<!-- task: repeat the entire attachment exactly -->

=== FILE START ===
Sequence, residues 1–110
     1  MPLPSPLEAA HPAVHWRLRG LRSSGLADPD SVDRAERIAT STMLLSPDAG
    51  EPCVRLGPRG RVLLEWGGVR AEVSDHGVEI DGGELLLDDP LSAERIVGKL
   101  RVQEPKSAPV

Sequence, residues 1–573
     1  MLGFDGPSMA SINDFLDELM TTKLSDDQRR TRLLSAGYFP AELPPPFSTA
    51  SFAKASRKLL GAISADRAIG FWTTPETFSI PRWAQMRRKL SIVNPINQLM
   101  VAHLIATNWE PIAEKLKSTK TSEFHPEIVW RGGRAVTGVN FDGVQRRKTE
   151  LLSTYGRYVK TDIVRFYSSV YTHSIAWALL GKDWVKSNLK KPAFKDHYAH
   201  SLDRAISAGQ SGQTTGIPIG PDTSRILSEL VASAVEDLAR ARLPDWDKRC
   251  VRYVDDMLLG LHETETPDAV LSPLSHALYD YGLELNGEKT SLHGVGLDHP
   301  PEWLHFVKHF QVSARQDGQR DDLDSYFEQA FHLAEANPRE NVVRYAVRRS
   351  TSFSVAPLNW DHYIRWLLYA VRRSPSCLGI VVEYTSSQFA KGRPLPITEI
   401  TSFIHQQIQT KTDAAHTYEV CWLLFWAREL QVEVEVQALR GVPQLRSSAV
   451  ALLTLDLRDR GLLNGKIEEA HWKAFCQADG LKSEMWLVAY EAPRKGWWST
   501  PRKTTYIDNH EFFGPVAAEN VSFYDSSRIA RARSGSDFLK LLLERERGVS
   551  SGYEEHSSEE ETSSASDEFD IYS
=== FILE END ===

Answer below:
Sequence, residues 1–110
     1  MPLPSPLEAA HPAVHWRLRG LRSSGLADPD SVDRAERIAT STMLLSPDAG
    51  EPCVRLGPRG RVLLEWGGVR AEVSDHGVEI DGGELLLDDP LSAERIVGKL
   101  RVQEPKSAPV

Sequence, residues 1–573
     1  MLGFDGPSMA SINDFLDELM TTKLSDDQRR TRLLSAGYFP AELPPPFSTA
    51  SFAKASRKLL GAISADRAIG FWTTPETFSI PRWAQMRRKL SIVNPINQLM
   101  VAHLIATNWE PIAEKLKSTK TSEFHPEIVW RGGRAVTGVN FDGVQRRKTE
   151  LLSTYGRYVK TDIVRFYSSV YTHSIAWALL GKDWVKSNLK KPAFKDHYAH
   201  SLDRAISAGQ SGQTTGIPIG PDTSRILSEL VASAVEDLAR ARLPDWDKRC
   251  VRYVDDMLLG LHETETPDAV LSPLSHALYD YGLELNGEKT SLHGVGLDHP
   301  PEWLHFVKHF QVSARQDGQR DDLDSYFEQA FHLAEANPRE NVVRYAVRRS
   351  TSFSVAPLNW DHYIRWLLYA VRRSPSCLGI VVEYTSSQFA KGRPLPITEI
   401  TSFIHQQIQT KTDAAHTYEV CWLLFWAREL QVEVEVQALR GVPQLRSSAV
   451  ALLTLDLRDR GLLNGKIEEA HWKAFCQADG LKSEMWLVAY EAPRKGWWST
   501  PRKTTYIDNH EFFGPVAAEN VSFYDSSRIA RARSGSDFLK LLLERERGVS
   551  SGYEEHSSEE ETSSASDEFD IYS